Deciphering the Oriental Manuscripts
A landmark in humanity’s documentary heritage, the manuscript collection from Abu Rayhan al-Biruni Institute of Oriental Studies is now presented and mapped in a new book, published by UNESCO Office in Tashkent: “The Treasury of Oriental Manuscripts”. Listed on UNESCO Memory of the World Register in 1997, this collection reflects the role of this part of the world as a cross-road of the Silk Road and its importance in the development of Islamic science and culture from 9th to the 20th century. “The treasury of Oriental Manuscripts” takes us within the vast region of Central Asia, the Arab World and Persia through the numerous manuscripts and represents an insight of the region and the development of the world. It constitutes a valuable source of scientific treaties, literature, history reviews, diaries, chronicle of cultural and political developments for the researchers.
Named after the great medieval scholar and thinker of the Islamic world Abu Rayhan al-Biruni (973-1050), the Institute of Oriental Studies’ collection of manuscripts counts more than 26,000 manuscripts and 39,000 lithographs. Diverse and rich by the broad range of subjects the collection includes, it is also immensely valuable for the luxurious frontispieces and richly decorated bindings from silver and colored enamel, as well as exquisite calligraphy.
The manuscripts are written in many languages from the Oriental peoples, such as Uzbek, Arabic, Persian, Tajik, Urdu, Pashtu, Azerbaijani, Turkish, Tatar, Turkmen, and Uyghur and then translated in different at different periods, showing us the interrelations of the people, enhanced by the Silk Road. But it also shows how knowledge and ideas circulated within the region. Can one imagine that those manuscripts have been transported in the same carriages as the goods on the Silk Road from the far end of Asia to Europe? Knowledge and culture has its way of passing through time and geography, as these manuscripts remind us of the dialogue between cultures as an essential part of intellectual development. For example, we learn in this book that the most common genre of philosophy works were translation and liberal restatements of Greek philosophers, especially Aristotle, Plato and Alexander of Aphrodisias.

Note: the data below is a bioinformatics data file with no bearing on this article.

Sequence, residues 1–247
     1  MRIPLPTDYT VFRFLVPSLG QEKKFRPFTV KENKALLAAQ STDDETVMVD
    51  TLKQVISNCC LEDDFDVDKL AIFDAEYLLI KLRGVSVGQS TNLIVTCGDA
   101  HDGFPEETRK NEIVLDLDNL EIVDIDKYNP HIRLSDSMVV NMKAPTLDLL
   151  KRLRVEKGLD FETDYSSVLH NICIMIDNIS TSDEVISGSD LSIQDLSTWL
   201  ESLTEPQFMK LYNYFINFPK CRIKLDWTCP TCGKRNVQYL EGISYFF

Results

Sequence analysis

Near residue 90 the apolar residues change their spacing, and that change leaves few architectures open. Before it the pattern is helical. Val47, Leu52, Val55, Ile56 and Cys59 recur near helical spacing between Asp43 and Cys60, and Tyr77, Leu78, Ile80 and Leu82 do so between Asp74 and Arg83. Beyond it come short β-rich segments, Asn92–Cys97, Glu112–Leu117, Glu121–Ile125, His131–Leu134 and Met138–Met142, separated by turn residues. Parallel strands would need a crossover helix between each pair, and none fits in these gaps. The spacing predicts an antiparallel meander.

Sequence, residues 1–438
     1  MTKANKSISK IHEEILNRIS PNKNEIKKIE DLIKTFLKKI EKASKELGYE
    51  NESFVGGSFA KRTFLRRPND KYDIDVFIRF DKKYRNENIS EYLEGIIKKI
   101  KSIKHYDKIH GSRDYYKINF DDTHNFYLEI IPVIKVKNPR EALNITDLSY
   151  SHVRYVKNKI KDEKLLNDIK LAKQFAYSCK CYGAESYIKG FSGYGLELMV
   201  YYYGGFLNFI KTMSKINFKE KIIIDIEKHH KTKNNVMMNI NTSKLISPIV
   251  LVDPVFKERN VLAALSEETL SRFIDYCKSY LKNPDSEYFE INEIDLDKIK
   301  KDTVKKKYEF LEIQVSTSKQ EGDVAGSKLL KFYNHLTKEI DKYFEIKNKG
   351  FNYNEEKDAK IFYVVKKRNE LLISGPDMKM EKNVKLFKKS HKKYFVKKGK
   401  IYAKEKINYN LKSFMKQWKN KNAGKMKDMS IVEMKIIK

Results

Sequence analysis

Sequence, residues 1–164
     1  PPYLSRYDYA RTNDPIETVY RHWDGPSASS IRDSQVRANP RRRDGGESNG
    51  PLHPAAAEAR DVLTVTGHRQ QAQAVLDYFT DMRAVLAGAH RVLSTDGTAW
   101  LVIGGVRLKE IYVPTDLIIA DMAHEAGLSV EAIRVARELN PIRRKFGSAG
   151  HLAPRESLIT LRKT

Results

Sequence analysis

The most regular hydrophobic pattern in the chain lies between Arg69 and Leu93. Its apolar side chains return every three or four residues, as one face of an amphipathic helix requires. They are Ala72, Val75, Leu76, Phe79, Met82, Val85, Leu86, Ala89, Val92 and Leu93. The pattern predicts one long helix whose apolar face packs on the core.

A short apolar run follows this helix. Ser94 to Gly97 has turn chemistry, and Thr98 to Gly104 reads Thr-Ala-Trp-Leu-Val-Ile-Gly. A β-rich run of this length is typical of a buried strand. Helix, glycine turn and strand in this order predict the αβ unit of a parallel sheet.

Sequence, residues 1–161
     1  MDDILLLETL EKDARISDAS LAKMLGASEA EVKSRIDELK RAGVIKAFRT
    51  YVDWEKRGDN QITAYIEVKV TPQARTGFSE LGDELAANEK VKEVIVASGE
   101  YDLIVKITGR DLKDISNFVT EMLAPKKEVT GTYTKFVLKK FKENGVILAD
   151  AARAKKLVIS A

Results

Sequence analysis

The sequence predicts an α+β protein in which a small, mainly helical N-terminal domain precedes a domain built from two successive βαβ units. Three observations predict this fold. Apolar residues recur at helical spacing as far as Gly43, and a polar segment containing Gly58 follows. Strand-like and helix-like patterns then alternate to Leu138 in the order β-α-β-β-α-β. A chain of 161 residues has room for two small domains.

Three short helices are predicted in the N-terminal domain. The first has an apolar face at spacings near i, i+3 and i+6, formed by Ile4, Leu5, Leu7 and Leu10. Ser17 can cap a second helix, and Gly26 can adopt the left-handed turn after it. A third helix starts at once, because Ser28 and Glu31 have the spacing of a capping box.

The collection covers various branches of medieval sciences. Approximately, 1,000 works contain historical content about universal and regional histories. One of the manuscripts is a historical review of primarily Iran, written in 1414 by Khafiz-I Abru, a famous historian from the epoch of Tamerlan, letting us travel through the manuscript as he, himself did in his time. The manuscripts about natural and exact sciences cover a wide variety of subjects like mathematics especially calculations, which were used for architecture. A number of manuscripts deal with astronomical knowledge that was necessary in the Middle-Age for calendars, or finding geographic coordinates and itineraries of caravan routes through steppes and deserts. Literary works of poetry and prose in Arabic, Persian and Uzbek are also predominant in the collection. The polyphonic space of the region reinvented itself over the centuries throughout the arts and the richness of languages. The majority of the collection can be classified under the category “Islam and Philosophy”, gathering for example 1,200 manuscripts on the interpretation and science of recitation (tafsirs) of the Koran. A large part of the collection is devoted also to Islamic philosophy, logic, ethics and advice literature and Sufism, a popular mystical-philosophical movement within Islam in Middle-East and Central Asia.
The art of calligraphy is also covered, as well as miniature illustrations in the manuscripts and specific features of their bindings. Furthermore, it investigates the development of paper production and describes the different paper types used.
The book “The Treasury of Oriental Manuscripts” is published in Uzbek, English and Russian languages, with the generous support of the Kingdom of Saudi Arabia in collaboration with the UNESCO office in Tashkent and the Al-Biruni Institute of Oriental Studies within the framework of UNESCO project “Preservation of manuscripts of Al-Biruni Institute of Oriental Studies”.